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Finding Belonging Through Familiar Music

Editor’s Note: Music can help us overcome feelings of loneliness and find purpose in belonging. This short essay was submitted by a current BYU student who found the courage to reach out and seek belonging after hearing a familiar musical selection at a School of Music concert.

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Photo by Jaren Wilkey/BYU

The De Jong Concert Hall was crowded, and conversations hummed throughout the space. Since I was in the last seat of the row, I had to twist in my seat and lean forward to join in the conversation. My roommate’s friends talked about people I didn’t know, so I watched their faces to gauge how to react to the stories they told. Uneven lighting from the stage painted them with shadows, making it even harder to remember which friend was which.

I reminded myself that there were only a few minutes left until the concert started. Even with my discomfort, I could last until then. Besides, I was there to support my roommate.

The Women’s Chorus began their first number, and the music mixed with the cold air circulating through the auditorium. Someone coughed behind me, and I shifted in my plush seat, the textured fabric rubbing against my jeans. I tried to focus on the music, but worries pecked at my mind. I’d just gotten back to BYU from my mission, but already the assignments, projects, and (especially) the socializing were starting to overwhelm me. At least I could feel hidden here, at the concert, with the lights off and everyone facing the performers. At least I could immerse myself in the music and drain the stress from my mind for another hour.

My ears perked up as the choir began to sing “The Seal Lullaby,” by Eric Whitacre. The piece transported me back five years to when I had played the same piece in high school, back when the flute felt like the most important part of my life. I remembered sitting in my plastic chair in the band room, flute raised, fully concentrating on each note. I’d had similar concerns back then—a former re-start. My family had moved, so I attended a new high school and was expected to make new friends. That always seemed harder for me than for everyone else.

Even as I sat listening to the choir sing, I was still struggling with the same things. I’d hoped that by coming to my new roommate’s choir concert, I could slip into her friend group and stop worrying about fitting in. Unfortunately, it didn’t seem to be working so far.

The music’s crescendo into the next line reminded me why my teacher had chosen the piece—originally written for choir—for the band. The piece had looked easy at first: slow tempo, simple rhythms, no sixteenth-note runs. I didn’t have to practice it much on my own. But when my classmates and I rehearsed the piece together, my teacher would stop us on every note and have us listen to our tone. As a flute section, we had to stagger our breaths so as not to disturb a single crystalline note. Finally, when we played it all the way through, a feeling of warmth pervaded the room. We could feel the creation and effort in every note.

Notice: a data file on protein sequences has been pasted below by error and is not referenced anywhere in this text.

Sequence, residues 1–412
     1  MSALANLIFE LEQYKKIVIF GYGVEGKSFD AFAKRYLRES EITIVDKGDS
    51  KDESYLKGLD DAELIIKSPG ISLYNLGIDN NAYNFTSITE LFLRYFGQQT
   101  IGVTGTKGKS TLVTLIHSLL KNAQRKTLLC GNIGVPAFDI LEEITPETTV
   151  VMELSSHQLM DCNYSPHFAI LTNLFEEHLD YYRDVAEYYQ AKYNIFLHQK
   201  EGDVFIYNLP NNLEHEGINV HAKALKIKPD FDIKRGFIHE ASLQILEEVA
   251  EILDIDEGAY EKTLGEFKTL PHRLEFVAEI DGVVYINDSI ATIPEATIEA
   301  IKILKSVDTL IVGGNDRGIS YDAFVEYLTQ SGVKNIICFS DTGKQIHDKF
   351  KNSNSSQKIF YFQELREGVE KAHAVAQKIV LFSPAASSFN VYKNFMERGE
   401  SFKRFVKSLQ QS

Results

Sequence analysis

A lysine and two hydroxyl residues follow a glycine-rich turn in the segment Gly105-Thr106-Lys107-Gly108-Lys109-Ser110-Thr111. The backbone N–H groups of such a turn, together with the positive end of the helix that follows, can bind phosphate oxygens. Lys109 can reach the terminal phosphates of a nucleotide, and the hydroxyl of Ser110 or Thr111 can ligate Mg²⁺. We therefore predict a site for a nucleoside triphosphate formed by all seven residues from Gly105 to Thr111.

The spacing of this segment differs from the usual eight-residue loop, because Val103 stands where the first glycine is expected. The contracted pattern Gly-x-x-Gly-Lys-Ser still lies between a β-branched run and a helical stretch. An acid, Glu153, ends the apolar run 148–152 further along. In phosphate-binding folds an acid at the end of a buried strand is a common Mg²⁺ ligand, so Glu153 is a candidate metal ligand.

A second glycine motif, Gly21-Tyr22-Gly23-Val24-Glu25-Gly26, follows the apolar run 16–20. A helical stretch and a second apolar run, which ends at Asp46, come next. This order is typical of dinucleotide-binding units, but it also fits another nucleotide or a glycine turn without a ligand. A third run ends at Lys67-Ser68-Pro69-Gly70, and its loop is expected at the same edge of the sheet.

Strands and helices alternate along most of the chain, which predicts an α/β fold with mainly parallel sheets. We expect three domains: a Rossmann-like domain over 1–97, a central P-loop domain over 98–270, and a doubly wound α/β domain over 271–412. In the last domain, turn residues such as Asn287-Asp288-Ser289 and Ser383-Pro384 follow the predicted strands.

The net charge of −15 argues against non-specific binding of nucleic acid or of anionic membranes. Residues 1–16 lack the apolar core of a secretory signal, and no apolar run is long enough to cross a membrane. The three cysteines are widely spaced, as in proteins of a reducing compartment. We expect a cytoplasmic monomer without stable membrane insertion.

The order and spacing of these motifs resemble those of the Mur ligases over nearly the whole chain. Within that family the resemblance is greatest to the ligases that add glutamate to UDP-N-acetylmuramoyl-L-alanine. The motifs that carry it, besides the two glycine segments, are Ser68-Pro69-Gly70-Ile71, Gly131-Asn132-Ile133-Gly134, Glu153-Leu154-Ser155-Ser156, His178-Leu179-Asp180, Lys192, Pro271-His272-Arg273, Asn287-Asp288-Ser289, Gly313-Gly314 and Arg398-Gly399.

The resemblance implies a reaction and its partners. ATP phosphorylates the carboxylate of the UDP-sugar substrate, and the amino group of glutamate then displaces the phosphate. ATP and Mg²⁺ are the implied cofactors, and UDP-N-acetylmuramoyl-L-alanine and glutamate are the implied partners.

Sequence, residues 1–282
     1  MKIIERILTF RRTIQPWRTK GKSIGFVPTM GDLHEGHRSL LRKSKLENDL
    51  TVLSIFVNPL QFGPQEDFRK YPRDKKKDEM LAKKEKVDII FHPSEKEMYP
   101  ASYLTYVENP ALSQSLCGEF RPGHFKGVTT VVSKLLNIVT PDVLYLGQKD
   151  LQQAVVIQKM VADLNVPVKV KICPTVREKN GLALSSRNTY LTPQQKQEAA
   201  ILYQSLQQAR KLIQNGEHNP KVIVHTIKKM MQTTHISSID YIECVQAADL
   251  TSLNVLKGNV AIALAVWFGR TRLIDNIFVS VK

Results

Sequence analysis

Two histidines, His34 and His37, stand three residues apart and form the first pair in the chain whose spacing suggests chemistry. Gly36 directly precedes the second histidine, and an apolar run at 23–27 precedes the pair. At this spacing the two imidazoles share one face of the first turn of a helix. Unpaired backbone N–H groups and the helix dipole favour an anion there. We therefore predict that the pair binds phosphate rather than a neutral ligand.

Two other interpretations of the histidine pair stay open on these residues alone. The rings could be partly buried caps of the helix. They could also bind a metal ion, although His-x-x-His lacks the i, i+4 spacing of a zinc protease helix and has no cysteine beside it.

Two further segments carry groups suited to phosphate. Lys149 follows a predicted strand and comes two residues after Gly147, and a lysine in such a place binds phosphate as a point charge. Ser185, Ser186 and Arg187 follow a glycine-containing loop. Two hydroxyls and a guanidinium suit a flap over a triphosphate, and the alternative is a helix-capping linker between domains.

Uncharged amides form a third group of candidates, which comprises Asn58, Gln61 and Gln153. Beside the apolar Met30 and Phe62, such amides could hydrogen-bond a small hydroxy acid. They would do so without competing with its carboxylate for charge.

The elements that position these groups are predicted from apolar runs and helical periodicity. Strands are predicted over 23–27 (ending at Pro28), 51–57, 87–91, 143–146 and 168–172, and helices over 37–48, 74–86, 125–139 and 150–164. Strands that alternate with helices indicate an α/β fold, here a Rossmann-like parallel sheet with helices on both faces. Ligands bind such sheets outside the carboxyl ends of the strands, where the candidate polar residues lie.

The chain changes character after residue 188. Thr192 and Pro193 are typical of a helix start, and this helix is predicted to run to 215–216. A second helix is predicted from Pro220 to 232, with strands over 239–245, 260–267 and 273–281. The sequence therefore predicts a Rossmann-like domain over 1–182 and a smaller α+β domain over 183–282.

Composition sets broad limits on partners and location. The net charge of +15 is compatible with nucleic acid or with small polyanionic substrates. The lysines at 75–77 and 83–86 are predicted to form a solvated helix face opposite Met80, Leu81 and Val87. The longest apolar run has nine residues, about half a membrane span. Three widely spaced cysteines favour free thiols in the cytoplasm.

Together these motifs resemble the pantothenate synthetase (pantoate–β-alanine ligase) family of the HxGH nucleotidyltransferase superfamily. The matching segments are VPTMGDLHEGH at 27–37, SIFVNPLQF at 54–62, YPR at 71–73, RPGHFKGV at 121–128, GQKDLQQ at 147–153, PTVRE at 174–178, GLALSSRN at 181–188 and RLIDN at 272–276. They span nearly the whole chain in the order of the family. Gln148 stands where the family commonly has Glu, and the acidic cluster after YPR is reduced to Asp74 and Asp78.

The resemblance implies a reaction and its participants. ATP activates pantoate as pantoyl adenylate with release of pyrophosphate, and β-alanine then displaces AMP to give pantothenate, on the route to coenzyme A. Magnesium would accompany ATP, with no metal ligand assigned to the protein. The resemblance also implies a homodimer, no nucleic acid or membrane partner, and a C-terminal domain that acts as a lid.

That same warmth filled the auditorium as the choir sang the next phrase of the lullaby: “The storm shall not wake thee, nor shark overtake thee.” Their voices overlapped and rose in intensity, then fell with a decrescendo, like waves rocking the titular seal to sleep.

Infused with a new sense of calm, I looked out at the rows of people in front of me. Sure, there were a lot of them. Sure, this was a new place. But I could find a place to belong.  I’ve done this before, I thought. Slow tempos, simple rhythms, no sixteenth-note runs. I can do it again.

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“Infused with a new sense of calm, I looked out at the rows of people in front of me. Sure, there were a lot of them. Sure, this was a new place. But I could find a place to belong.”
–Linsey Bowie
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As we clapped at the end of the song, I turned to one of my roommate’s friends beside me. “It’s Natalia, right?” I said over the applause. “Wasn’t that one good?”

She nodded and smiled. “Yeah, probably my favorite so far.”

“Me too, but I’m a little biased. I played it in high school.”

“Oh, cool, you play an instrument?”

We talked a little bit more about instruments and music until the applause ended and the next song began. In my plush seat at the end of the row, I felt myself relax. It would take time, I knew, but my small efforts now would result in progress over time. It’d been the same back in the high school band room. “The Seal Lullaby” reminded me that I could establish relationships again. It would take some effort, initiated conversations, genuine smiles, and a few awkward moments, but, over time, I could belong.

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